How Do We Stay Curious?

Back in April, Stephen Hawking spoke via 3D hologram at the Sydney Opera House.  Take a moment for that to sink in. Stephen Hawking, a man suffering from Lou Gehrig's disease since his diagnosis as a 21-year-old in 1963, spoke by controlling a computer with a single cheek muscle.  He was located at Cambridge University in the UK, and a 3-Dimensional hologram was transmitted across the globe to the Sydney Opera House.  A man who was given the life expectancy of living until 23 touched over 5,000 lives via computer technology, science, and immeasurable will-power.  He spoke of black hole radiation, parallel universes, and curiosity; he answered questions with grace and a slice of wit.  Are you not inspired yet?  Is it possible to not be inspired yet?  The statement that left a mark on me is as follows:

Remember to look up at the stars and not down at your feet. Try to make sense of what you see and wonder about what makes a universe exist. Be curious.

Be curious.  I reflect on my childhood.  The umpire for my hometown's local t-ball league nicknamed me "Questioness" because I asked him a question at every bat.  What would happen if I ran this way?  Can I go ahead and go to second base; that seems shorter?  Why do we only have three strikes? Why are my team colors gold and black? The list went on... For two years, I asked Mr. Burgess questions about the game.  He gave me the ball from my last bat on that field, and my athletic career ended shortly there after.  I wasn't quite meant for sports.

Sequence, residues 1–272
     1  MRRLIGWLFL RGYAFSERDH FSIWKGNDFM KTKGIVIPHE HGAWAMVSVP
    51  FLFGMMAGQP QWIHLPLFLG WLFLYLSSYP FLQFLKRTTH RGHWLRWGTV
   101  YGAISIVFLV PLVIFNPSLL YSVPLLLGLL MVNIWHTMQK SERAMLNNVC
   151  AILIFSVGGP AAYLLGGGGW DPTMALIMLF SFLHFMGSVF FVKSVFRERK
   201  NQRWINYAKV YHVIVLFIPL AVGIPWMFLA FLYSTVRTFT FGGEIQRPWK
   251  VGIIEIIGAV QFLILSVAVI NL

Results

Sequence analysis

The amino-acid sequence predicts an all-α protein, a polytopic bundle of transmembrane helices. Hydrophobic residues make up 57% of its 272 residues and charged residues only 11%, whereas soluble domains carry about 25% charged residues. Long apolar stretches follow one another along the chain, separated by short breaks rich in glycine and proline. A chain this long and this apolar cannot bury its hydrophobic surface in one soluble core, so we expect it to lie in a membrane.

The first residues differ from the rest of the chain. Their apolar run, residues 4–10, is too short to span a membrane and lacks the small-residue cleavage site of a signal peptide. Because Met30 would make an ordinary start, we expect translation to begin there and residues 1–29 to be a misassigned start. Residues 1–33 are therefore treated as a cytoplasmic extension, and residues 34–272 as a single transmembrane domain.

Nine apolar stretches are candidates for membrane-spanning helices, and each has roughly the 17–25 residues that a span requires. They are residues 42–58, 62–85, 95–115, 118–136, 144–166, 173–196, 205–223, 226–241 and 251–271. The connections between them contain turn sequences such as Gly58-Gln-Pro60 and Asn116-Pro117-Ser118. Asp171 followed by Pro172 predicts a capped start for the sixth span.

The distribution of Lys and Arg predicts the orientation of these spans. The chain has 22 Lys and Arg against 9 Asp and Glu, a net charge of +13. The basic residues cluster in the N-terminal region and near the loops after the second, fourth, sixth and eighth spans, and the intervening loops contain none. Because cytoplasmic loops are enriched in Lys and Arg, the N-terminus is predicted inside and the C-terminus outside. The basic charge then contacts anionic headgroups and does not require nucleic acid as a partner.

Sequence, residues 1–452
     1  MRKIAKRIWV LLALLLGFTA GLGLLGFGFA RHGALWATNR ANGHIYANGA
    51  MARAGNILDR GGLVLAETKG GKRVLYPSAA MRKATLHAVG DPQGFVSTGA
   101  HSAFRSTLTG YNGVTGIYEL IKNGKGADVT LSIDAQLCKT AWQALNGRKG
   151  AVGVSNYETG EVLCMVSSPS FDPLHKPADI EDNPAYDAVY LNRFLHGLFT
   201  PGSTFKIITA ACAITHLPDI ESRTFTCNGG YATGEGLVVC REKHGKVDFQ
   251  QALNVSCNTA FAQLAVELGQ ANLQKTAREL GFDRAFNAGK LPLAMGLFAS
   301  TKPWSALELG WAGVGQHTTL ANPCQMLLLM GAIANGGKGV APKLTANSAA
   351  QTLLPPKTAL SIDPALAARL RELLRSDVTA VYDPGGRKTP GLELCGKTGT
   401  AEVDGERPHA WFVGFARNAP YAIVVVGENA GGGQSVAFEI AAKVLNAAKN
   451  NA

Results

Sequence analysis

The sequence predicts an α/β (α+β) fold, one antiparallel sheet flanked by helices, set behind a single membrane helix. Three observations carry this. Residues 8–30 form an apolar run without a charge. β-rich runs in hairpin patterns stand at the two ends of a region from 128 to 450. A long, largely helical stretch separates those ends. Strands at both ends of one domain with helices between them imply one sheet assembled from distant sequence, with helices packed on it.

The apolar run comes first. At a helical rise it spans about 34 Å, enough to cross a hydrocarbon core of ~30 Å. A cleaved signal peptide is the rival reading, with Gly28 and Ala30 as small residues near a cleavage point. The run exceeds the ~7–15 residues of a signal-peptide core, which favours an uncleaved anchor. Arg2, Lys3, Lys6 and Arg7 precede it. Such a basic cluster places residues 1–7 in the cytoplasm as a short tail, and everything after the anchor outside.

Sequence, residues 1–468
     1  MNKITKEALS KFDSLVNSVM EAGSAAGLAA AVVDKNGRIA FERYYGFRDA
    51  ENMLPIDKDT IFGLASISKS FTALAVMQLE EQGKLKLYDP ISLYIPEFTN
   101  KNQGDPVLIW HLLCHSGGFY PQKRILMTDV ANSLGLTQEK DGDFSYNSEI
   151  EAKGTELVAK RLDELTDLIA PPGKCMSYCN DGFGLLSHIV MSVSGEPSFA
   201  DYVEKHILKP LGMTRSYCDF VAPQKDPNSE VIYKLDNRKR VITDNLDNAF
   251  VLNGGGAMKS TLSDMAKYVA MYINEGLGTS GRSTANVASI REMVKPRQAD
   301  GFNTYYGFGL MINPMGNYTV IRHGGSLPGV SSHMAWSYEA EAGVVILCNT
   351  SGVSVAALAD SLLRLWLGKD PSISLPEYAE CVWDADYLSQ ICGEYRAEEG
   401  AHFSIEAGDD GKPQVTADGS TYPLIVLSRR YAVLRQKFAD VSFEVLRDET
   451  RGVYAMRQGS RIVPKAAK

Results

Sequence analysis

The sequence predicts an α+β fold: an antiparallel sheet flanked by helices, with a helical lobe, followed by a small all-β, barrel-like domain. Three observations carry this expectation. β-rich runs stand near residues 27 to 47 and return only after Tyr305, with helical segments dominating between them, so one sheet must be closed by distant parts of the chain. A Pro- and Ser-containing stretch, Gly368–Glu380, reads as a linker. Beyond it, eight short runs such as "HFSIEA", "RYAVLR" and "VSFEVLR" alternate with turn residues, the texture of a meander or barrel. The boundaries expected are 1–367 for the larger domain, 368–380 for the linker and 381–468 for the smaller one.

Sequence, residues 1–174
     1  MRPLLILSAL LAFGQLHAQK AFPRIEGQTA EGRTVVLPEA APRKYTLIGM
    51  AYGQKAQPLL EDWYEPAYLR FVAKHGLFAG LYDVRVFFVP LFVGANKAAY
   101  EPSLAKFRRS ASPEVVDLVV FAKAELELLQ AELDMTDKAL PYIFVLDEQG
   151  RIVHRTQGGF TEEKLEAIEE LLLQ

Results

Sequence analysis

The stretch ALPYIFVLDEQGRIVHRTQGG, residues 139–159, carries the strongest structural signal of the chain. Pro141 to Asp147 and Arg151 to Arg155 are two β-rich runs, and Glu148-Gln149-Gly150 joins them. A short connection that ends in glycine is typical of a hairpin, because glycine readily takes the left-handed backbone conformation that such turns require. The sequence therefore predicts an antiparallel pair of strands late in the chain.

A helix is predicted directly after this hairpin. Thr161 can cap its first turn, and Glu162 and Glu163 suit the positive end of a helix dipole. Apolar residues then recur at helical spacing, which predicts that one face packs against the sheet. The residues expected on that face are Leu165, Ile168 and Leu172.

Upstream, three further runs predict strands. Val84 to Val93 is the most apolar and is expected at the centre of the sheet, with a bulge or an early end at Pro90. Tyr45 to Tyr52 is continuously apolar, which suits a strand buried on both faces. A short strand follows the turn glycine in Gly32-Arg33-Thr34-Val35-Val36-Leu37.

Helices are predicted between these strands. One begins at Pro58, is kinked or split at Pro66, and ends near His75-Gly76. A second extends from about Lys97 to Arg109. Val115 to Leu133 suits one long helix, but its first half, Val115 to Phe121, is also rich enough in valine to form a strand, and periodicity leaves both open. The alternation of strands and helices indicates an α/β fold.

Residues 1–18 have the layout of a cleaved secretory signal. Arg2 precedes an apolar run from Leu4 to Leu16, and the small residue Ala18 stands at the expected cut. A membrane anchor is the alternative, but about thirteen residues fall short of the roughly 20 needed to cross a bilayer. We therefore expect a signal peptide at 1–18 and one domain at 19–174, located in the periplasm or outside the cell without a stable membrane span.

Trying to keep our childlike curiosity is a well-known inspirational theme of adulthood.  We graduate from some level of schooling and eventually feel like we know enough to make things happen.  But it's so important that we don't allow ourselves to stop learning after graduation.  We are perpetual pupils. We have to stay curious.  Stephen Hawking is quite literally a genius due to his ridiculous relentlessness.  He has topped the charts in what we "thought" could happen for him, and on a larger scale what we "thought" about the universe.  There is so much more to know, and we must continue to recognize that we don't yet understand the limits of life. 

So how do we stay curious?  How do we continue to keep our eyes on the stars?  Hawking finished with this:

And however difficult life may seem, there is always something you can do and succeed at. It matters that you don’t give up.

Your success is defined by what you think is successful, and there is something that you are successful at.  The scale is relative.  Hawking has certainly made many a failure; I've made many, many a failure... We have to divert our thoughts to make sense of those failures.  We have to raise our hand and keep asking questions.  If no one hears you, wave it around and shout.  If no one can answer it, see that as your opportunity to explore it.  You're already halfway there just by noticing there was a question to be asked.